'The Revels' Ring In The Solstice With Appalachian Music
For over forty years, in ten different American cities, amateur singers and dancers have joined professional performers to welcome the winter solstice with a holiday variety show called “The Revels.” This year at Dartmouth’s Hopkins Center, the theme is “An Appalachian Celebration,” and it features some high-stepping, fast-fiddling Vermonters.
As the lights go down, brass instruments herald children and adults in homespun dresses and overalls as they stroll onto the stage. Artistic Director Maureen Burford says she took her inspiration this year from a memoir of Appalachian life by famed folk singer and dulcimer player Jean Ritchie.
"[I was] thinking of the idea of an Appalachian quilt in terms of weaving pieces of memories together from her life," Burford says. "But they could be anybody’s memories of a Christmas back in 1920 or 1930."
Suzannah Park opens the show, belting out the traditional folk song “Day Is Breaking in My Soul.” Park lives in Ashville, N.C., where she learned singing and clogging from her parents and their many musical friends. Park says she loves "The Revels" because it celebrates not just a Christian holiday, but the winter solstice. And it stitches together African-American gospel and Appalachian music dating back to English and Scottish tradition.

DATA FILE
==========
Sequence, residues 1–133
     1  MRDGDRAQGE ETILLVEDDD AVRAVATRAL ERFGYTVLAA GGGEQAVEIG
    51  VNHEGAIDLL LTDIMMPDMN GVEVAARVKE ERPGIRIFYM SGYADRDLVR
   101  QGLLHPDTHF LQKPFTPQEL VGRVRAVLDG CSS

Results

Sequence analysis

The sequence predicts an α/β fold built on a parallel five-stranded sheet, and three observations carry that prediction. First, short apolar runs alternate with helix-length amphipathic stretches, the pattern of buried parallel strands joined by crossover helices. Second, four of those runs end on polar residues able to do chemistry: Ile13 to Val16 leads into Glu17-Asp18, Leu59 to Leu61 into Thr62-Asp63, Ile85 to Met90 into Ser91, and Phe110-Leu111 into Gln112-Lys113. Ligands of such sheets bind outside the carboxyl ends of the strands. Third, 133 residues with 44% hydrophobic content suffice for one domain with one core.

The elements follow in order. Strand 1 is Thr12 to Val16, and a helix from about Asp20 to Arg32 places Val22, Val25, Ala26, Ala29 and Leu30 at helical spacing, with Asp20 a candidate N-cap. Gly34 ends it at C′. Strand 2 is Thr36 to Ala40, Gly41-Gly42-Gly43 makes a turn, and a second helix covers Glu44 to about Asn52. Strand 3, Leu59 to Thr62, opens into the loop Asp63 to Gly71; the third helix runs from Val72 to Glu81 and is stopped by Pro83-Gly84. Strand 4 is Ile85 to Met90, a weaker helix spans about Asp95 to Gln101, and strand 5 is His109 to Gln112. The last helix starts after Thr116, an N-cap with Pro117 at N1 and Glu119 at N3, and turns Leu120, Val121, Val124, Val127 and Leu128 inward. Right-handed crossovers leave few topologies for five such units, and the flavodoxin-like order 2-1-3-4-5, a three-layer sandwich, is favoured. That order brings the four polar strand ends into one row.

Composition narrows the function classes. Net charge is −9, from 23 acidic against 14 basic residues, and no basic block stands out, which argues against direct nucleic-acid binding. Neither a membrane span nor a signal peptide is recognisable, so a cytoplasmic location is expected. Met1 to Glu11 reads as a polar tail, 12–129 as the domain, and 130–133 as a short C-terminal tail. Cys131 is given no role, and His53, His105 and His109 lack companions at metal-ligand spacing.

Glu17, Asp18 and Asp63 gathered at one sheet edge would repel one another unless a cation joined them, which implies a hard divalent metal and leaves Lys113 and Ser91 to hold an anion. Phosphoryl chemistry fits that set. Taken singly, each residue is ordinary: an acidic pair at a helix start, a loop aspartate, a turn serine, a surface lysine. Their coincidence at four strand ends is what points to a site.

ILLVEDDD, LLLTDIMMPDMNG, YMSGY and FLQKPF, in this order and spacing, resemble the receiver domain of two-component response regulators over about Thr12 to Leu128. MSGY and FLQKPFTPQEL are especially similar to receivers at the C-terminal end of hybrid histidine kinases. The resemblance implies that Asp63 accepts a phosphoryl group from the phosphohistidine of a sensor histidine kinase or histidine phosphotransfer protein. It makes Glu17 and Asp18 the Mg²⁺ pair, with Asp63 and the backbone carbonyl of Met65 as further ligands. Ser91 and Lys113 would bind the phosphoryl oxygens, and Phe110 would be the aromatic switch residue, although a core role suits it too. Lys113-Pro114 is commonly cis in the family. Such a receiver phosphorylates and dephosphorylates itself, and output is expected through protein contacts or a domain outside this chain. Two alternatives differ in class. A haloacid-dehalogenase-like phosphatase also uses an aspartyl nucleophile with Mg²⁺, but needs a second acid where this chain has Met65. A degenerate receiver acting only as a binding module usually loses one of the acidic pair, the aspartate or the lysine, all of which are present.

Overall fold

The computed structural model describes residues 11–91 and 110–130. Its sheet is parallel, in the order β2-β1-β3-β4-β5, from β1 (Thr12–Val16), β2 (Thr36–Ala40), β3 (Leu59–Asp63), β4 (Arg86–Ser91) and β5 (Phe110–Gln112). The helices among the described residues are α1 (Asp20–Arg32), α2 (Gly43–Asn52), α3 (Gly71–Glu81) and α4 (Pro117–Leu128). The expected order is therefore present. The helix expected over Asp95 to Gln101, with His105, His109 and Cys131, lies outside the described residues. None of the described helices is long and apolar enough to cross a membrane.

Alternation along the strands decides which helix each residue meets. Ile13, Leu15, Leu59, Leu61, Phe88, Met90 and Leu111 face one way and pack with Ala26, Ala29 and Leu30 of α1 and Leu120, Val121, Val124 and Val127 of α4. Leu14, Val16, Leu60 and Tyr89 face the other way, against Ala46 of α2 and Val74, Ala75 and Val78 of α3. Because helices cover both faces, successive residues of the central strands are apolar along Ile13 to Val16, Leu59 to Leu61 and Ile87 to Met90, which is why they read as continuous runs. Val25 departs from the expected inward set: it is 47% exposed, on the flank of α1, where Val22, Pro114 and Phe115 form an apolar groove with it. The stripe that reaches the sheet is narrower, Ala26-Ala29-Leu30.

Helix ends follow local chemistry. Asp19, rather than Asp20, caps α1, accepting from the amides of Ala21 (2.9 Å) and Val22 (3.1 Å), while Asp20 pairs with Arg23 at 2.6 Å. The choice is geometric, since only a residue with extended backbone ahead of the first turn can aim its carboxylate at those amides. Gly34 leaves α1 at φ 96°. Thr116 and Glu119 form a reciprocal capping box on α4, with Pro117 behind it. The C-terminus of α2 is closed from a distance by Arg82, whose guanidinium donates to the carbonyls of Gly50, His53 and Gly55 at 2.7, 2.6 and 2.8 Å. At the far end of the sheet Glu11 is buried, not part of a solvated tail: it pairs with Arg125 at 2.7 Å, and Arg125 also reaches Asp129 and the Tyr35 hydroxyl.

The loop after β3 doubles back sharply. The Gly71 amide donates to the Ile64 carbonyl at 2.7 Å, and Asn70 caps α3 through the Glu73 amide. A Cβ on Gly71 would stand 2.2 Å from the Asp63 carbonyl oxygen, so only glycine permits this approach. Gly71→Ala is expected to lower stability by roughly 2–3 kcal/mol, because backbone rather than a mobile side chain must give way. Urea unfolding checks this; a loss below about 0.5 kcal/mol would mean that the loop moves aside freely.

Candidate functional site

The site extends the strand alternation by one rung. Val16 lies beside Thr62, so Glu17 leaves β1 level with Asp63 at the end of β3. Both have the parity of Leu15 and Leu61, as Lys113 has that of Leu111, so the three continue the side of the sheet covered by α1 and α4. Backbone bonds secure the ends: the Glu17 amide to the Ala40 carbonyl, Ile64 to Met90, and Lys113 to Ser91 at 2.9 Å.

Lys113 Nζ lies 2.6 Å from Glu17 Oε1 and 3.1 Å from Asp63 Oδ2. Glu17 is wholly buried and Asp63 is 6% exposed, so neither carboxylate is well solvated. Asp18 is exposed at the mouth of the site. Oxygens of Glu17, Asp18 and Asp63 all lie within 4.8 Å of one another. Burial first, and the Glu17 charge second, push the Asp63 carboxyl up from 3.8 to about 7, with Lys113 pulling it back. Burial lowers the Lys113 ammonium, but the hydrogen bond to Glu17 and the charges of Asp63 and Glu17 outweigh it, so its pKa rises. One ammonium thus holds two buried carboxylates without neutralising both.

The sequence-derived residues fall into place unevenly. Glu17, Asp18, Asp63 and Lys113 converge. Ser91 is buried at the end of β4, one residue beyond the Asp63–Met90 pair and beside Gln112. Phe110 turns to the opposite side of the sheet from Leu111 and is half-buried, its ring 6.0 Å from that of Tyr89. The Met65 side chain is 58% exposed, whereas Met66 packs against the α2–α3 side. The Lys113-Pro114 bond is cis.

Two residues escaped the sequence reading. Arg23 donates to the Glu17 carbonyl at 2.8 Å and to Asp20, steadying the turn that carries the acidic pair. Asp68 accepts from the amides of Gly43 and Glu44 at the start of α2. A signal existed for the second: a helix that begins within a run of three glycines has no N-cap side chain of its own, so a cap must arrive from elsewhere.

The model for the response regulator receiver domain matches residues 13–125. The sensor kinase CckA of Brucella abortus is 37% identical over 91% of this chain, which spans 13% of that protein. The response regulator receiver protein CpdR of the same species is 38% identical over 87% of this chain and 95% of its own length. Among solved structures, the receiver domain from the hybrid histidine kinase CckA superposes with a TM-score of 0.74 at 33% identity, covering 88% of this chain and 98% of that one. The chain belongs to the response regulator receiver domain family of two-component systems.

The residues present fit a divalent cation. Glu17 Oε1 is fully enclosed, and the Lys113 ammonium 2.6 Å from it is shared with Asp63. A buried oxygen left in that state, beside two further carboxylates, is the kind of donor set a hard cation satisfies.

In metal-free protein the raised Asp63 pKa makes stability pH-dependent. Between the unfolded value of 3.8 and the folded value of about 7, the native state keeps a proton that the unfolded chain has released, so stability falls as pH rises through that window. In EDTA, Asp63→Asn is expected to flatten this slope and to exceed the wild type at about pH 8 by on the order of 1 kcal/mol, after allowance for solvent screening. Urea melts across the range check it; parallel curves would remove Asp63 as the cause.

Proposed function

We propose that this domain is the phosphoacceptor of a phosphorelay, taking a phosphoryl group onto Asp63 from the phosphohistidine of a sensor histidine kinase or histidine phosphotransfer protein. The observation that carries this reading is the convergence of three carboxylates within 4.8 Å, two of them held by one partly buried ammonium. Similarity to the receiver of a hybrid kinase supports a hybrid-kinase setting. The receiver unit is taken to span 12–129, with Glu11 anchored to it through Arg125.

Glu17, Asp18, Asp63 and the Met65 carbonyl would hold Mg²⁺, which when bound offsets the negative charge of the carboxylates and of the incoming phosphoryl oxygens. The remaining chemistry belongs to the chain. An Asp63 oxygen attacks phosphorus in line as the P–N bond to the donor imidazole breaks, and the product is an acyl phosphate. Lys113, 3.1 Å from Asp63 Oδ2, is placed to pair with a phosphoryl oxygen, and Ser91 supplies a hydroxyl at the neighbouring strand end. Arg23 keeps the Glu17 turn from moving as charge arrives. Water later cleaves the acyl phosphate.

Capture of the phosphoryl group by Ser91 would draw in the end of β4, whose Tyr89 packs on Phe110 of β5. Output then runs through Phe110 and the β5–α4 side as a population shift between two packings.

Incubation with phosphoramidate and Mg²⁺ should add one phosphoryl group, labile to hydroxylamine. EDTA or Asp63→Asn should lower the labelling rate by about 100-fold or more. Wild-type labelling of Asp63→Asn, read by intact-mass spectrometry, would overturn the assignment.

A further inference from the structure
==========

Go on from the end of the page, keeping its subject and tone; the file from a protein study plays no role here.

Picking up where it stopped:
“And what’s so great about any Revels community that I’ve been in is that they’re not all professional musicians," Park says. "They’re a doctor and they’re a school teacher and they’re a stay-at-home mom [who has] brought her children into the performance. It’s multi-generational, and it’s my favorite way of being in music,” Park says.
While the Southern Appalachian twang in the spiritual “I Wanna Be Ready” may seem miles away from New England, musically speaking the two regions are not so far apart. Both were settled by colonists from the British Isles. But there is one big difference, says headliner Pete Sutherland, one of Vermont’s most famous fiddlers.
“The encounter with the banjo in the African music tradition down south, which we did not benefit from up here, changed the rhythm entirely—so it’s much more funky,” Sutherland says.
And that funky banjo comes front and center in the children’s chorus to “Buck-eyed Jim.”
Sutherland tips his hat to southern tradition, but he’d rather not play in blistering heat. In fact, he says long winters may help make Vermont the musical place that it is. After the harvest is in, families have plenty of time to sing and dance together.
“So that’s great,” Sutherland says.
He recalled a fiddle player, Tommy Jarrell from North Carolina, sweating out a summer festival in 95-degree heat. "You know folks, when the snow flies, that’s the time to make music," Jarrell said.
And the snow is likely to be flying this weekend, as "The Revels" comes to the North Country. It will be presented in the Spaulding Auditorium at the Hopkins Center through Sunday.